Like Netflix’s Stranger Things before it, the new comedy series Search Party seemingly came out of nowhere this fall. TBS decided to drop all 10 episodes of the show on its streaming platforms over Thanksgiving weekend and it quickly became the perfect anecdote for anyone who wanted to avoid talking politics with their extended family — and was never that into Gilmore Girls.
In a media environment where projects are teased and promoted to death long before they premiere, Search Party embraced its mysterious, Serial-esque vibe by letting its audience discover what it was all about at their own pace. And with each episode ending in a cliffhanger, the show’s creators managed to create the first binge-worthy comedy, leaving viewers both laughing hysterically and wanting to know what comes next.
The idea for a show that could accomplish both of these ambitious goals originated with the indie filmmakers Sarah-Violet Bliss and Charles Rogers, who made the underrated 2014 movie Fort Tilden, and their new collaborator Michael Showalter, who also happened to be their teacher at NYU’s film school.
As Showalter tells The Daily Beast by phone from the set of Wet Hot American Summer: 10 Years Later, which will premiere on Netflix next year, he was so impressed with his students that he invited them to write on the first iteration of that cult-classic’s streaming reboot a few years ago. After that experience, they decided to develop their own series, which eventually turned into Search Party.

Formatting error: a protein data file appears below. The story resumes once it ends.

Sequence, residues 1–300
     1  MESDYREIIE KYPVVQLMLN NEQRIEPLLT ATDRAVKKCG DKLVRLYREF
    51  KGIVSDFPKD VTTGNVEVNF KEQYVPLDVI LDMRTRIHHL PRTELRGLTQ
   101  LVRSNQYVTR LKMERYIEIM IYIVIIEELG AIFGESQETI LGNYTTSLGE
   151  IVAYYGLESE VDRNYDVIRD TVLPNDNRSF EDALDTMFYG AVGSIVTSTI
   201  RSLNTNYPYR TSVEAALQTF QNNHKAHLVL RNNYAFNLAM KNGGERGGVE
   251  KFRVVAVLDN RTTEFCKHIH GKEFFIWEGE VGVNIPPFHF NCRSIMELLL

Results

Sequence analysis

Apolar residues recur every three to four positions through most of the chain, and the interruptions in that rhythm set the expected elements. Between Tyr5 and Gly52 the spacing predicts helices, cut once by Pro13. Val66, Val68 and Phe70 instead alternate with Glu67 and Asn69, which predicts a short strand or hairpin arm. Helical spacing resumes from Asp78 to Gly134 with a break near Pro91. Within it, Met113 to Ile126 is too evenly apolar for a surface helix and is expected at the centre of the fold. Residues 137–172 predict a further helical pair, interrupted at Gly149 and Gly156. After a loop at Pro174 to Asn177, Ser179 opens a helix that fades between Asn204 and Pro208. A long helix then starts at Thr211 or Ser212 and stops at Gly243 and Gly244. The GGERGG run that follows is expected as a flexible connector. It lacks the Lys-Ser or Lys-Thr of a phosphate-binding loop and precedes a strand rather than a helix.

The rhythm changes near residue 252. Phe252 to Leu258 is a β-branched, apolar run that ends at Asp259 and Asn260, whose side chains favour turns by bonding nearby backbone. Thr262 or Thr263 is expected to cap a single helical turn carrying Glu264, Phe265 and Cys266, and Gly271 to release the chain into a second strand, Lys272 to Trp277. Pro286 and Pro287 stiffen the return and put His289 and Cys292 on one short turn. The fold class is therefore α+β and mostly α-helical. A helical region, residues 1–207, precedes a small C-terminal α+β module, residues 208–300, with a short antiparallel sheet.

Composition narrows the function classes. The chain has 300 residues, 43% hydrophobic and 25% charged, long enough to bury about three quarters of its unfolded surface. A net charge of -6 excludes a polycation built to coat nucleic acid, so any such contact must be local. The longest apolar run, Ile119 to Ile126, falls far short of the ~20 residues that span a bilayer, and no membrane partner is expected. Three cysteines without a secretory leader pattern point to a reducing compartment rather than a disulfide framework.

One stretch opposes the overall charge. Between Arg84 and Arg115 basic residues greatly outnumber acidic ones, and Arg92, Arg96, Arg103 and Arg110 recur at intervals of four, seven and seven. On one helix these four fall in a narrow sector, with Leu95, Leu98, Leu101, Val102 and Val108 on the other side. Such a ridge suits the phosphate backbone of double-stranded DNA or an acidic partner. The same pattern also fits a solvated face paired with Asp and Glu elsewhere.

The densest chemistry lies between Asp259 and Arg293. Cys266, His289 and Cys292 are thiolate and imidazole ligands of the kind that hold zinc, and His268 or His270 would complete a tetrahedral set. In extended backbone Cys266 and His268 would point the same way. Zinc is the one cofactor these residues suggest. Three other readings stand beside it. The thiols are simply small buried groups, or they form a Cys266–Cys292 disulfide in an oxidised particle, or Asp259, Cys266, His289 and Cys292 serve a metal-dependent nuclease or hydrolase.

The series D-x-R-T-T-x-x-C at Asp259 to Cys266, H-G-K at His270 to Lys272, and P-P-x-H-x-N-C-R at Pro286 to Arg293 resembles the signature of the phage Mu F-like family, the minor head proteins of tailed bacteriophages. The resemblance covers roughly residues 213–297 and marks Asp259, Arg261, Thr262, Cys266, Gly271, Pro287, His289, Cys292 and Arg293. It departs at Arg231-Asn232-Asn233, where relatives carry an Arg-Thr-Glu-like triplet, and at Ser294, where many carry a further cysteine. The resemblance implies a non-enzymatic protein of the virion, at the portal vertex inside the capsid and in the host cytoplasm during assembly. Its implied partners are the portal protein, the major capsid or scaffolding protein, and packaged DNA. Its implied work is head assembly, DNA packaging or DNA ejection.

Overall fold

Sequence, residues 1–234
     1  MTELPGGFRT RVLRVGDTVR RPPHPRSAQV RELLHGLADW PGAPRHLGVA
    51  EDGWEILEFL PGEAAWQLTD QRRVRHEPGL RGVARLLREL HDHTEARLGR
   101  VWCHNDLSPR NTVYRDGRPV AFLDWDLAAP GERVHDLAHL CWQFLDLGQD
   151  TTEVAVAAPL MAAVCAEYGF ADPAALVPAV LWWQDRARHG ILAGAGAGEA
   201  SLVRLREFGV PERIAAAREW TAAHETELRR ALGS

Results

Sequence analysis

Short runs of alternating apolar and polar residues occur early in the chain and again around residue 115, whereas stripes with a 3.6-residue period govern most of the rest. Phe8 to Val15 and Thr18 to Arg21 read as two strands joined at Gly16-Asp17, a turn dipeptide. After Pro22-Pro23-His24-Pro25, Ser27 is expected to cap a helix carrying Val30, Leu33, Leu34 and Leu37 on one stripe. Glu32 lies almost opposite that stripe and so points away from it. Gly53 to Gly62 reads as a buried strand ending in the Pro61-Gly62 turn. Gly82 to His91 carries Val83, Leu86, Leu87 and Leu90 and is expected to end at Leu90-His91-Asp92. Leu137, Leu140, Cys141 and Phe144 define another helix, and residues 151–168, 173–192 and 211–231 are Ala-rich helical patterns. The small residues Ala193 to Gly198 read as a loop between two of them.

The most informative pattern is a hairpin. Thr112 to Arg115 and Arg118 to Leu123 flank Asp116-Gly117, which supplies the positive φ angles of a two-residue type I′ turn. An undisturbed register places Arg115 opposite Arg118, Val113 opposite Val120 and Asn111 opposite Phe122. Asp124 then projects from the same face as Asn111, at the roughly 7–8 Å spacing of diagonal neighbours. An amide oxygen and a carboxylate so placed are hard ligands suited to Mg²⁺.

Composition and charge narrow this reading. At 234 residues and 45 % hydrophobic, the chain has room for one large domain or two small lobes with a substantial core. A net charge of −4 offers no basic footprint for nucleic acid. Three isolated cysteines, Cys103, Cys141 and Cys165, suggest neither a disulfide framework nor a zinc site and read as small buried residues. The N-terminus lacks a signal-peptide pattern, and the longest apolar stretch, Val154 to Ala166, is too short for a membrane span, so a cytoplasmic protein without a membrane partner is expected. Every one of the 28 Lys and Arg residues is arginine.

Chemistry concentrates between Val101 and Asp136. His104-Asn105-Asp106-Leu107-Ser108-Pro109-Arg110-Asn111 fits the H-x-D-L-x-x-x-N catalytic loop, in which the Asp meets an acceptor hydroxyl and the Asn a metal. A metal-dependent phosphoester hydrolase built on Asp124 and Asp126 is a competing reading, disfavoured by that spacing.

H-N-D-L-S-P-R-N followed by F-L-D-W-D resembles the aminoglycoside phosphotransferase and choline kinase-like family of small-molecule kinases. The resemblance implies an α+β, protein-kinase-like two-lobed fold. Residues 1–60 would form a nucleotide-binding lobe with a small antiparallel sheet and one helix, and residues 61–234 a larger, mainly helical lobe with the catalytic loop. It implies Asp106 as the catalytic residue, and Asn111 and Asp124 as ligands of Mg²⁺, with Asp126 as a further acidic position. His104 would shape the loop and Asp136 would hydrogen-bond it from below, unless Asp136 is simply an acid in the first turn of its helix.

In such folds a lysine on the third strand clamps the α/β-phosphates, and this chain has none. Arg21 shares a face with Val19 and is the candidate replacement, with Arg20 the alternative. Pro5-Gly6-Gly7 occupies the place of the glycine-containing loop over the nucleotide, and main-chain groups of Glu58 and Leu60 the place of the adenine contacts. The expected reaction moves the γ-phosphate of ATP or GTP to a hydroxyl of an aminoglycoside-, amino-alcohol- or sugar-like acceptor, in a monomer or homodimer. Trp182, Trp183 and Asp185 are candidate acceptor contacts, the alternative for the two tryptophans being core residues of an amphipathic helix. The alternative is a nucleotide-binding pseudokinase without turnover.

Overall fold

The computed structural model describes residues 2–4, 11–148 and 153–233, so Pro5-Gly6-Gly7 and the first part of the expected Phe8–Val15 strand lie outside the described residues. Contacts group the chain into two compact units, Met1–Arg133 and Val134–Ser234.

In the new show, Arrested Development’s Alia Shawkat stars as Dory, a Brooklyn millennial who is struggling to figure out what she wants to do with her life. When a vague acquaintance from college goes missing, she decides to drag her boyfriend Drew (John Reynolds, who played Chief Jim Hopper’s goofy sidekick in Stranger Things) and two friends (the hilariously self-obsessed John Early and Meredith Hagner) into her quest to solve the case.
At once plot-driven mystery and brilliant satire of millennial culture, Search Party also explores a depth in all four of its main characters that is far more complicated than anything found in some of Showalter’s earlier sketch-comedy work on shows like The State and Stella. That it manages to be laugh-out-loud funny at the same time is a feat that’s unrivaled on television right now.
Below is an edited and condensed version of our conversation.
With Search Party, you’ve managed to create what might be the first truly bingeable comedy, where it’s not only hilarious but you want to see what happens next. Was that combination always part of the idea for the show?
Yeah, I mean, we all in the writing of the show kind of brought references of our own, movies, books or whatever, that we all loved, that had that combination of being both genuinely scary, suspenseful and plot-driven but at the same time equally as much a comedy and satirical. So we were talking about Fargo or David Lynch movies or Manhattan Murder Mystery.
How did you first connect with co-creators Sarah-Violet Bliss and Charles Rogers?
I met them originally when they were students at NYU grad film and I was an adjunct professor there.
Oh wow, were they in your class?
They were in one of my classes, yeah. And then a bunch of years later when they moved to Los Angeles and I was doing my show, Wet Hot American Summer, I hired them to be writers. And so we worked together on that and then started developing something ourselves.